Seeking to dampen expectations of quick success against Hussein, Pentagon officials have repeatedly stressed that the stated objectives of the war are "regime change" in Iraq and the elimination of its weapons of mass destruction.

Gen. Richard B. Myers, chairman of the Joint Chiefs of Staff, recently told reporters that victory in the war would be defined by disarming Iraq, not eliminating Hussein.

But other officials, Pentagon advisors and commanders of the 1991 Persian Gulf War have said there is no question that the United States would seize any opportunity to end the war early with an airstrike on Hussein.

In fact, the United States attacked a vehicle in the 1991 war based on intelligence that it was one Hussein routinely used, only to learn later that Hussein's security forces managed a small fleet of such vehicles and that the Iraqi leader escaped unharmed.

"We tried to smoke him. We didn't get him," said a former senior intelligence official.

U.S. officials also hoped to hit Hussein in the 1998 strikes after U.N. weapons inspectors were withdrawn.

Hussein has surrounded himself with layers of security. He is believed to employ several look-alikes as decoys. His movements are hidden even from his most senior advisors, and he rarely stays in one location more than a night or two.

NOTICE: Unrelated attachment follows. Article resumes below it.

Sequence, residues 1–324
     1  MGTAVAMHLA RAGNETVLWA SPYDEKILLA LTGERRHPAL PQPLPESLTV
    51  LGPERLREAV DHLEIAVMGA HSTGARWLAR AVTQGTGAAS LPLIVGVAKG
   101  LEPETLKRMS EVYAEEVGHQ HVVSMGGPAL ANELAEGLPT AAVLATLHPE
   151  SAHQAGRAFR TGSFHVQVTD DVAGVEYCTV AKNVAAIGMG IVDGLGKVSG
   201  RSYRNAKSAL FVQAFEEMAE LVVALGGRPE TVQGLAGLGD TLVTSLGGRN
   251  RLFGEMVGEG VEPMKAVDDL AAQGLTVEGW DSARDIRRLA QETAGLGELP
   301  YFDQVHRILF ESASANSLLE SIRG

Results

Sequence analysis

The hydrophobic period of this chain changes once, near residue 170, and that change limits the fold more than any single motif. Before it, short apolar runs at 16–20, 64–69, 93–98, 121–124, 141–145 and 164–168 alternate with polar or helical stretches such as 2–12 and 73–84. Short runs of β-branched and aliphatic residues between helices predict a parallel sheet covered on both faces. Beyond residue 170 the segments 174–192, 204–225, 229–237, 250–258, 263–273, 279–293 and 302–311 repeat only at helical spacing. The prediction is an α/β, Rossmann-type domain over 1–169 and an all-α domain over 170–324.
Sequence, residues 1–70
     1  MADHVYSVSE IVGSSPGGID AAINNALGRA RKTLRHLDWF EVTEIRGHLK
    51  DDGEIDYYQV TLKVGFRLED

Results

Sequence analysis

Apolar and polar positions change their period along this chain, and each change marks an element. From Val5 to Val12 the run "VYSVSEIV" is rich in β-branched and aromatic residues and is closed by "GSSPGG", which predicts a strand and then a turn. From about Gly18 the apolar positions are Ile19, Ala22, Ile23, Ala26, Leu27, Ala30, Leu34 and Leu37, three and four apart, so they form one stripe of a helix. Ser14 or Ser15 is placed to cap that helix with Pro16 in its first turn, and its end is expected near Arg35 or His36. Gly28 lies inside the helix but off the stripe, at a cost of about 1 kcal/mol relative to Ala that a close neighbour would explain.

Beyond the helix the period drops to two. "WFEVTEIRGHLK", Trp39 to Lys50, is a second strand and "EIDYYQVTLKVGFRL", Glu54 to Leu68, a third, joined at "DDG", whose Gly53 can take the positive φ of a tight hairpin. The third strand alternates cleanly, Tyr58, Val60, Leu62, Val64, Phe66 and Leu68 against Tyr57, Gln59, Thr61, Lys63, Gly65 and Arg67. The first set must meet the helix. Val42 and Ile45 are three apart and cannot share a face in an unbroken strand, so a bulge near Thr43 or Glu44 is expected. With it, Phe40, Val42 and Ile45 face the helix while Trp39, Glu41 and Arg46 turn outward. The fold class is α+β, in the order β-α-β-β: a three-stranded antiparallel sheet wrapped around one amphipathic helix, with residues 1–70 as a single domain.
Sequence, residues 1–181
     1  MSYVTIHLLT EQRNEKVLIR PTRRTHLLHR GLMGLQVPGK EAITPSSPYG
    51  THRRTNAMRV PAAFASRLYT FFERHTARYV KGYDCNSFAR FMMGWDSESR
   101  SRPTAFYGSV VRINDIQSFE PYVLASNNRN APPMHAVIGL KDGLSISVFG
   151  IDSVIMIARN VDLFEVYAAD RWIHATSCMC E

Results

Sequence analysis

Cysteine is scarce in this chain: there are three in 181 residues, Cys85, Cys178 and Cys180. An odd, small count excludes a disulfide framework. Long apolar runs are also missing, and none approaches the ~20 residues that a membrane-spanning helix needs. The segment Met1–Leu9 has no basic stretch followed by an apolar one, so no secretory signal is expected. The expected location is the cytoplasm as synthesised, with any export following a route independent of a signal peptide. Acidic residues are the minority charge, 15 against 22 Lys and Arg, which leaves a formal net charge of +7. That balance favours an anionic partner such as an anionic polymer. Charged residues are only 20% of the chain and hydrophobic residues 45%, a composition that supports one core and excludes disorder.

Hussein has also spent a fortune building palaces and an elaborate network of tunnels under Baghdad, as well as bunkers that are believed to be impenetrable to all but the most potent U.S. bombs.

The closest the United States has come to penetrating Hussein's inner circle may have been in the late 1990s, when U.S. spy agencies took advantage of the weapons inspection programs to install sensors and listening devices.

One former inspector, Scott Ritter, has said the United States learned a good deal during that period about how Hussein's security apparatus worked and communicated. But those collection capabilities are said to have diminished considerably since 1998.

At the United Nations last month, Secretary of State Colin L. Powell played audiotapes of intercepted Iraqi military communications. Some experts believe those intercepts wouldn't have been possible without listening posts inside Iraq. But the voices on the tape were of mid-level military figures speaking over channels that Hussein and his senior aides would avoid.